THE Liberal Democrats will keep all the coalition options open if they hold the balance of power after next year's Assembly elections, the party's leader in Cardiff Bay Mike German said last night.
Two weeks ago the Western Mail revealed an outline deal had already been reached to revive the 2000-03 Lib-Lab coalition if, as expected, Labour fails to gain an overall majority of seats.
But Mr German insisted he would listen to what any potential partners had to say, with the only criteria being how much of the Lib-Dem manifesto could be implemented.
A desire to see proportional representation [PR] introduced for council elections is likely to be the party's minimum demand.
Although a Lib-Lab coalition is seen as the probable outcome - an idea cemented by the two sides' co-operation in Westminster this summer over the Government of Wales Bill - some in the party believe there is a strategic advantage in keeping the idea of a Lib-Dem/Tory/Plaid deal alive.
Mr German will today meet Scottish Deputy First Minister Nicol Stephen for talks at the party's Brighton conference.
Coalition politics are expected to feature on the agenda, with Mr Stephen's Scottish Lib-Dems having been in government since 1999. Asked about a fresh coalition in Cardiff Bay, Mr German said, "Everybody else finds this very difficult, but we made a decision prior to 1999, which is still very simple - if the people decide that none of the parties should have an overall majority, we will consider a coalition based on a programme for government.
"We're seeking to get as much of our manifesto into government as we can, that's the only issue. That's the promise we will make to the people of Wales.
"Yes we will go into coalition if the programme is right. But the people of Wales have to have their determination; we'll say if you vote for us, you get more of the things that are in our manifesto.
"The party's position is that we would work with other parties, and it would depend on the results of the election, and that's up to the people of Wales. We will listen to what the people have to say and what the parties have to say."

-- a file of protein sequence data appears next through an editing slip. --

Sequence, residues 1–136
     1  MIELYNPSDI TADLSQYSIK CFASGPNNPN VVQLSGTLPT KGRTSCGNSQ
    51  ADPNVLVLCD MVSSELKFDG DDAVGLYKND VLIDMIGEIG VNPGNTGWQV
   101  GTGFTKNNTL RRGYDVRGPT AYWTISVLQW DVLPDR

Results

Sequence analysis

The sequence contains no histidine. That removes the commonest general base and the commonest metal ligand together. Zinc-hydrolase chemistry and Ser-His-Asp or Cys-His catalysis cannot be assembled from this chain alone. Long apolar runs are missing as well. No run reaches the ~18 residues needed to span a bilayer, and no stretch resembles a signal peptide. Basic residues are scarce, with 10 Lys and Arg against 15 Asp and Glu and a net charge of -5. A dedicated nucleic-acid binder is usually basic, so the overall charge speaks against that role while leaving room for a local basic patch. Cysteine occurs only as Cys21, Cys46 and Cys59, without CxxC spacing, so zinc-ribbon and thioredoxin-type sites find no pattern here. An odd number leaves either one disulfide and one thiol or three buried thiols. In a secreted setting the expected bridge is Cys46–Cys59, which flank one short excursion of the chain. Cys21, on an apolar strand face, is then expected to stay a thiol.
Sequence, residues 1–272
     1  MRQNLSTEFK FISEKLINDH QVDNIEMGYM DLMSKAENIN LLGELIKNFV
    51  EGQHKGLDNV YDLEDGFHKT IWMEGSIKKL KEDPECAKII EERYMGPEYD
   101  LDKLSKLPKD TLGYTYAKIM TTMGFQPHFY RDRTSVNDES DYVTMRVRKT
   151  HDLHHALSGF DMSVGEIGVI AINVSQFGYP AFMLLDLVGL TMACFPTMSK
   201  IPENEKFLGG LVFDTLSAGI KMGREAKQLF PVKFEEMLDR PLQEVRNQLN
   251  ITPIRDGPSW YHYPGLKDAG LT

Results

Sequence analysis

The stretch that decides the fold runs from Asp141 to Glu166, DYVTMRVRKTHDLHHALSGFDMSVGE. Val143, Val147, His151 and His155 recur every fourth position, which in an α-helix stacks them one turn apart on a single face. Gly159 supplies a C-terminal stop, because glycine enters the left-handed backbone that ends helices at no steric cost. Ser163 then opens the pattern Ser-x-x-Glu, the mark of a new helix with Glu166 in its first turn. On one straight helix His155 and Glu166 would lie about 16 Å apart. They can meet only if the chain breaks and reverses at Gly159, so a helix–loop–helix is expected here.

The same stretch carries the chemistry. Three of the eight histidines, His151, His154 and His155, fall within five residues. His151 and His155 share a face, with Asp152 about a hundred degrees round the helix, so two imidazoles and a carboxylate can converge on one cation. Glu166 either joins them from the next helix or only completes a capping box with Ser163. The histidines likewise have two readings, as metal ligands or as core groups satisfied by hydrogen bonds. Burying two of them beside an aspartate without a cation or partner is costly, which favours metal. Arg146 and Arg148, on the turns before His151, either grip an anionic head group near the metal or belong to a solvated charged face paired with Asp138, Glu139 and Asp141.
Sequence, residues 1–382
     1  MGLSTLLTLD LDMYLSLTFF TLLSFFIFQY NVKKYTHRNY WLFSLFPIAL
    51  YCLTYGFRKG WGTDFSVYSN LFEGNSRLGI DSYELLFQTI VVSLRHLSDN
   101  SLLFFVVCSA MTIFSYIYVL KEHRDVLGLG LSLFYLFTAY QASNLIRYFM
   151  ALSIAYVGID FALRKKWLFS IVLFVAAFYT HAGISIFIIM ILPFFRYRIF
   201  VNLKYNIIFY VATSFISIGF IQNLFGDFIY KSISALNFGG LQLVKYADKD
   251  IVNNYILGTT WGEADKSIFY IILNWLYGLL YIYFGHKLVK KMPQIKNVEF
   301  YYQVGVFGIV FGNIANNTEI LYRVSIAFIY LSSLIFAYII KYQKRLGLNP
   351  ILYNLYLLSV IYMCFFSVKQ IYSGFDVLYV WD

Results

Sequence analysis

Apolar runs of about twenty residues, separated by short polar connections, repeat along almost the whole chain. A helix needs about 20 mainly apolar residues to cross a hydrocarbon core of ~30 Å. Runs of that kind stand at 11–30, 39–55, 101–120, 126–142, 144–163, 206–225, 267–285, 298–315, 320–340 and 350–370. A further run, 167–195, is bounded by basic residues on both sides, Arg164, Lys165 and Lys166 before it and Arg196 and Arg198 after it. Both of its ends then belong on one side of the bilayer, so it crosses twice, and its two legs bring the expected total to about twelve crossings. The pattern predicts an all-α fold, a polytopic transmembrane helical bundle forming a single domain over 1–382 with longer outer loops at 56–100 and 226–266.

Mr German, who married his partner Veronica Watkins last month, said he had no plans to stand down as group leader in the Assembly.
The South East Wales AM, 61, is the only one of the four party leaders elected in 1999 to remain in post. "There are no plans for any changes," he said.
Under the deal revealed in the Western Mail, Mr German would resume his position as Deputy First Minister, a post he held in the 2000-03 coalition, and add the finance portfolio.
The Lib-Dems would gain another cabinet seat, Kirsty Williams at culture, while Jenny Randerson would become Presiding Officer. Both sides have played down the existence of a deal.
Mr German said the Lib-Dems had recovered from their winter of discontent which saw Charles Kennedy ejected as leader after admitting a battle with alcoholism.
"We've picked up, we had a drop in the polls but now we're back where we were prior to the last General Election," he said. "Clearly in Wales we expect to gain seats and we're well ahead of our 2003 position.
"We're at the top end of a bracket of votes, and we only have to jump that bracket and we will gain substantially. People will go into the election feeling much more confident than they did six months ago."
He added, "We want to do what the Conservatives did in 2003, which will put us in the next bracket, somewhere between eight to 12 seats, that's the range the Conservatives are in now. Labour will lose seats; I think people are tired of Labour and see them as being tied to the administration in London."
Leader Sir Menzies Campbell was performing well and showing "gravitas and strong political conviction", he said. "You shouldn't compare leaders, you should never do that," he said.
"Ming is not a Charles [Kennedy], who in turn was nothing like Paddy [Ashdown].